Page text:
Etruscan tombs are among the most spectacular archaeological remains in Italy and they encourage anyone who sees them to ask questions about the people who were buried in them around 2,500 years ago.
Fig. 1. Photograph of a tomb at Castel d´Asso with an inscription above the false door
Were they rich or poor? Which gods and goddesses did they worship? Where did they live? What kind of lives did they lead? What did they eat? Asking the questions is straightforward enough, but what kind of answer can we expect to come back? If we want to know about the Greeks or the Romans a good place to start is with the texts which they wrote that have survived to the present day. There we can find some answers to our questions. To be sure those answers will be written in Greek or Latin, but there are many translations available and if a closer understanding is needed then the language can be learned from those who read it already.
With the Etruscans it´s not quite so simple: their language has died out. At first glance the texts which have come down to us are unreadable because they use an unfamiliar alphabet and an unusual language. Two hundred years of scholarship have managed to decipher this language and although guides to this are now available (Cristofani 1973; Bonfante 1990), our understanding of the language is still very poor. Despite the fact that over 13,000 Etruscan inscriptions are now known and they can all be read, the current understanding of Etruscan grammar is limited and the known certain vocabulary is small, even the numbers from one to ten are not securely identified. The few long inscriptions which survive still present many problems of interpretation. One of the problems is that most of the 13,000 inscriptions are very short and simple: for example on the back of a mirror ´mi thancvilus fulnial´ translates as ´I [am the mirror] of Thancvil Fulni´ identifying the owner of the mirror (Bonfante 1990, 30). Such short inscriptions are not much help when a longer piece of writing needs to be understood. To compound the problems, the longer writings that have survived are all of a religious or legal nature and contain many formulaic phrases and repeated invocations of gods. Textual evidence of this form, when it can be understood, can only address some of the questions we might ask, for example about gods or family relationships. No Etruscan financial accounts survive to help us with economic history. No Etruscan literature survives to help us answer questions about spoken or written culture. No histories or archives have survived to help reconstruct wars and politics.
Even though few Etruscans texts have survived, other people did write about the Etruscans. Both Greek and Latin texts concerning them have survived and they provide precious information about the world of the Etruscans. Sadly there is no systematic account describing the Etruscans or their history, and the surviving accounts need to be treated with caution. For example, the Roman historian Livy often writes about the wars between Romans and Etruscans, but he was writing many years after the event; he was also writing about his enemies and his purpose is to describe the heroic victories of the Roman people not to provide a balanced account of the Etruscans. Furthermore much of what survives in Latin and Greek sources is contradictory. There is no Thucidides nor Caesar to guide us through the Etruscan centuries. For example, a contradiction in sources has created a problem in the study of the Etruscans. Where did these people come from? The question arose because Herodotus (I, 94) says the Etruscans came to Italy from Lydia in modern Turkey, but Dionysius of Halicarnassus (I, 28) says they were aboriginal.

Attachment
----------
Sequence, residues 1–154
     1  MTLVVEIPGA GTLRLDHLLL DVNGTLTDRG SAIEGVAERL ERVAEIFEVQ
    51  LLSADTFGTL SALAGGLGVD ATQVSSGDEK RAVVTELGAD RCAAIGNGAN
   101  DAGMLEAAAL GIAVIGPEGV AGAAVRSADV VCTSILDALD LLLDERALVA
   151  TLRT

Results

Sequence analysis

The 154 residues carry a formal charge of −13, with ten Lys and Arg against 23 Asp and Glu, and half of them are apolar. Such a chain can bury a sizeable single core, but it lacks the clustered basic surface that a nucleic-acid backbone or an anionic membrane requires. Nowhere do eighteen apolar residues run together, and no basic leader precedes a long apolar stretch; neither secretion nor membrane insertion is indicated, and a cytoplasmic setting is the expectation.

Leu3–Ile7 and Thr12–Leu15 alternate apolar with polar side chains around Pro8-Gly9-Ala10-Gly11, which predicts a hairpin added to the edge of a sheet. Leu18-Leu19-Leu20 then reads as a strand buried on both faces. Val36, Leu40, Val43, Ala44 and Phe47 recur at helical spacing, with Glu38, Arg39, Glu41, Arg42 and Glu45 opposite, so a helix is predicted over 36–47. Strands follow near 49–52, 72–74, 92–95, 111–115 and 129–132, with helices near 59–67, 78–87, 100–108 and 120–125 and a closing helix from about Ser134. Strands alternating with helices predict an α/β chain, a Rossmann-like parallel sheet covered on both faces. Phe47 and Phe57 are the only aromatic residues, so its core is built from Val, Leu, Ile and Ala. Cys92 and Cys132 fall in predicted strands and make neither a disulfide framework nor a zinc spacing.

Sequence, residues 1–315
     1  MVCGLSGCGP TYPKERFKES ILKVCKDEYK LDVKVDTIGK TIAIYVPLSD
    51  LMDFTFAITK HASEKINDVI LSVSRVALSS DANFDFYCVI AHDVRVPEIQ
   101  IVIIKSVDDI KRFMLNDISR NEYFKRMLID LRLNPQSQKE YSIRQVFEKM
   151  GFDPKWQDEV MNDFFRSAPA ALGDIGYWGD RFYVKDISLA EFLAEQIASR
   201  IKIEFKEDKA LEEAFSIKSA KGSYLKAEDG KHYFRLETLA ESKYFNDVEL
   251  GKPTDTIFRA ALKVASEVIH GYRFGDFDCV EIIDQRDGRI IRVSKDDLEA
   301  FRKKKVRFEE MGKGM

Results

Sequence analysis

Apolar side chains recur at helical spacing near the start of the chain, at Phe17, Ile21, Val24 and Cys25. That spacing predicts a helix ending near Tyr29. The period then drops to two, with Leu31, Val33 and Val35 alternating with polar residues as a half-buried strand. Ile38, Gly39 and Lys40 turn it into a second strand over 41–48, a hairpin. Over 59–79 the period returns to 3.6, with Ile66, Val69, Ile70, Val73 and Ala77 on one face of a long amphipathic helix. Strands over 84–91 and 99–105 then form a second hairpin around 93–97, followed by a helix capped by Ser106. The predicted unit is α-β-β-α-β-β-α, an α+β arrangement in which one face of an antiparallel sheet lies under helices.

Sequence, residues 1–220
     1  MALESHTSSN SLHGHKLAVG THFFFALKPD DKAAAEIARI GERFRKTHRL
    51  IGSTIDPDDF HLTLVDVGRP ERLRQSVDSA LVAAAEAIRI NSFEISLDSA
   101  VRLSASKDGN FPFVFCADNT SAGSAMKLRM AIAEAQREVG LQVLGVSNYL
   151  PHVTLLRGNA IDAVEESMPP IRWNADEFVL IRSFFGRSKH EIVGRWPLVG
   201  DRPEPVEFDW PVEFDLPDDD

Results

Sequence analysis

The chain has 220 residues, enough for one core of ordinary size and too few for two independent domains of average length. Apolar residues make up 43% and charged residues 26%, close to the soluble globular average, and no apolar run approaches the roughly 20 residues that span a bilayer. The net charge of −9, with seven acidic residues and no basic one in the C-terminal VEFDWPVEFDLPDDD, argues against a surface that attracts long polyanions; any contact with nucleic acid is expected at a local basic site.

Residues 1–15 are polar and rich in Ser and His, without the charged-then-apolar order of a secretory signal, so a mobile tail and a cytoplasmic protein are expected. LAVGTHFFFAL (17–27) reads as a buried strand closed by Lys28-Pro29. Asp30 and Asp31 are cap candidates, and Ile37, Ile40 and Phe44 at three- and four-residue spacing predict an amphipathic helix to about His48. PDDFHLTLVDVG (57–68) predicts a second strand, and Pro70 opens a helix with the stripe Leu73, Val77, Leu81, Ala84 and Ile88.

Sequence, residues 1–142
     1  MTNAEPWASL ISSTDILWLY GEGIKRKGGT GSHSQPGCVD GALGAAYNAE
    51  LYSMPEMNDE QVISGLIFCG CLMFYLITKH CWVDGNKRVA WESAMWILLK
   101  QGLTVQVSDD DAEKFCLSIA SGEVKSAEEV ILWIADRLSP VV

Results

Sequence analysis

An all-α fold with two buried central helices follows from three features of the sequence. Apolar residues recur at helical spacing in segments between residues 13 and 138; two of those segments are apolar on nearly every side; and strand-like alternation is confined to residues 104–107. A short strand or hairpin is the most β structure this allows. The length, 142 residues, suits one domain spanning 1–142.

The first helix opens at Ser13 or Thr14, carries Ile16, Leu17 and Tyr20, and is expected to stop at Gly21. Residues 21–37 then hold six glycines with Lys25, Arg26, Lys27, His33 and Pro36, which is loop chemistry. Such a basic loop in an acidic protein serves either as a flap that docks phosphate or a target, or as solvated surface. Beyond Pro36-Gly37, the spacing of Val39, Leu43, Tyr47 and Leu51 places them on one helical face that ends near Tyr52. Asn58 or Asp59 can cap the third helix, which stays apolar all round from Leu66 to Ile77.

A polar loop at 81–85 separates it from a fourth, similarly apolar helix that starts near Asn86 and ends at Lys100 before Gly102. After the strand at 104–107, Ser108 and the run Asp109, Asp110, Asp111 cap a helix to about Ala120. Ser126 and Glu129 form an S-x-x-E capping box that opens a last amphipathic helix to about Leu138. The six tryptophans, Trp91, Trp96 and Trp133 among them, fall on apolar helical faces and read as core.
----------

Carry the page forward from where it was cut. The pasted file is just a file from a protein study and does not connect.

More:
One can argue about the reliability of one or the other of these sources but ultimately if we only turn to the literary sources the answers we get to questions we ask will always be conditioned by those texts. We can however gain a further perspective on the answers by addressing the question to the results of archaeological investigations. Archaeological research provides an independent source of evidence for the Etruscans. Their physical remains, tombs and temples and the like can be excavated to provide further information which might answer our questions. So a comparison of the archaeological evidence from Lydia and Etruria shows few similarities, suggesting that the Etruscans with their material culture are unlikely to have migrated from there. But this alternative source of evidence does not always clarify the situation. For example in the case of the origins of the Etruscan people, archaeological work in the 18th and 19th century discovered similarities in burial practice and some pottery vessels between Etruria and areas north of the Alps. This led to the suggestion that the Etruscans came to Italy from northern Europe (Banti 1973, 208-11). The argument about the origin of the Etruscans has never been completely settled but Pallottino redimensioned the problem by pointing out that the real issue is not where the Etruscans came from nor the origins of their language, rather it was the study and the understanding of their civilisation (Pallottino 1947). Since that time, evidence for the development of Bronze Age and Iron Age central Italy has grown immensely and a clear artefactual, cultural and spatial continuity has been demonstrated between Etruscan settlements in Etruria and their Iron Age predecessors. It is now generally accepted that the Etruscans were an indigenous people (Bartoloni 1989 ) and scholarly consensus, derived from archaeological research, now favours the account of Dionysius of Halicarnassus.